- The Washington Times - Monday, May 3, 2004

Pentagon officials say they are not aware of an increase in the number of U.S. soldiers using illegal drugs, despite recent reports suggesting a growing problem, particularly among troops in Afghanistan.

“By and large, we’re still way below the civilian populous with the rate of drug use, based on the number of service members testing positive for drugs,” said Lt. Col. Rivers J. Johnson, a Pentagon spokesman.

Still, military officials acknowledged this week that disciplinary action had been taken against several Marines for using hashish and anabolic steroids last year while their unit was guarding the U.S. Embassy in Kabul, Afghanistan.

Drug offenses in the military typically are dealt with at the “lowest level possible,” meaning that disciplinary action is taken by brigade or company commanders.

Troops are drug tested randomly on a regular basis, and Col. Johnson said the overall rate of positive results decreased in 2003 and has remained constant in 2004. He added that the rate for soldiers tested in Afghanistan and Iraq was about the same as that in the Army as a whole.



Military officials say it is vital to maintain a drug-free force in the war on terrorism, which — in the case of Afghanistan — has found troops deployed to a country with serious drug problems.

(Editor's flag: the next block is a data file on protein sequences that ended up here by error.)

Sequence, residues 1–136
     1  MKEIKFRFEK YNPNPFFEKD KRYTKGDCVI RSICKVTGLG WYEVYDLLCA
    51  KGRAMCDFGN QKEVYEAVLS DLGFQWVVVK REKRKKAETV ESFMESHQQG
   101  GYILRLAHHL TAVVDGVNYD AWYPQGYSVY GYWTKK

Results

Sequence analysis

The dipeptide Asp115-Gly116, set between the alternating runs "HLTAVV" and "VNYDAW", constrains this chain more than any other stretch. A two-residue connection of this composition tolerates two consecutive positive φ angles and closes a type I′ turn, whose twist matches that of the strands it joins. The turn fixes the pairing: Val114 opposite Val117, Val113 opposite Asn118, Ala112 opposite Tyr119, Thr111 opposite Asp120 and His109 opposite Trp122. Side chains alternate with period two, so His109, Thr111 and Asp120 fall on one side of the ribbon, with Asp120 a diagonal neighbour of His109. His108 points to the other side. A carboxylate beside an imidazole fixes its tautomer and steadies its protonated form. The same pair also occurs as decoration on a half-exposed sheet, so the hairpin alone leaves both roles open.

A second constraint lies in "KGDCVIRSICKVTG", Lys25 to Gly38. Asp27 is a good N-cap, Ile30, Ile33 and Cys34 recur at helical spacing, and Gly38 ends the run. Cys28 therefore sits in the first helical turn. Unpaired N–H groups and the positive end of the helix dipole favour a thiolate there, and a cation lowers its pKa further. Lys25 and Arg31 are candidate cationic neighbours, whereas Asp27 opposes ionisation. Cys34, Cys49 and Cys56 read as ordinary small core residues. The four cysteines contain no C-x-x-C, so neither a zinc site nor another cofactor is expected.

The Bush administration said Afghanistan still is producing about 75 percent of the world’s poppy crops — plants used to make opium and heroin sold on the black market worldwide.

Left unchecked, the crop and the heroin it produces will undermine efforts to defeat terrorism and establish a democratic society in the war-torn country, Robert B. Charles, assistant secretary for the State Department’s Bureau of International Narcotics and Law Enforcement Affairs, told a House subcommittee in April.

Two recent magazine stories have suggested that drug use among U.S. soldiers might be on the rise.

An April 12 story in the New Yorker said “a number of active-duty and retired military and CIA officials” had indicated that there were “increasing reports of heroin use by American military personnel in Afghanistan, many of whom have been there for months, with few distractions.”

And a column in the May 10 edition of the American Conservative said, “Intelligence sources indicate that an investigation is going on to determine whether the drug use is simply a matter of supply and demand or something more sinister.”

Military officials stressed that the only reported incident of drug abuse among troops in Afghanistan involved hashish and steroids, not heroin.

“I have not heard anything about heroin use,” said Maj. Matt Morgan, a Marine spokesman at Camp Lejeune, N.C., where the unit that was guarding the U.S. Embassy in Kabul is based.

“We haven’t prosecuted any cases; we haven’t seen any charges of heroin use,” he said, explaining that the hashish and steroids incident at the embassy involved “approximately six Marines,” who since have faced court-martial.

“The vast majority of drug use that we see in the military would be steroid use or other performance-enhancing type drugs,” Maj. Morgan said. “Often the Marines who would get involved in this stuff don’t even know it’s illegal.”

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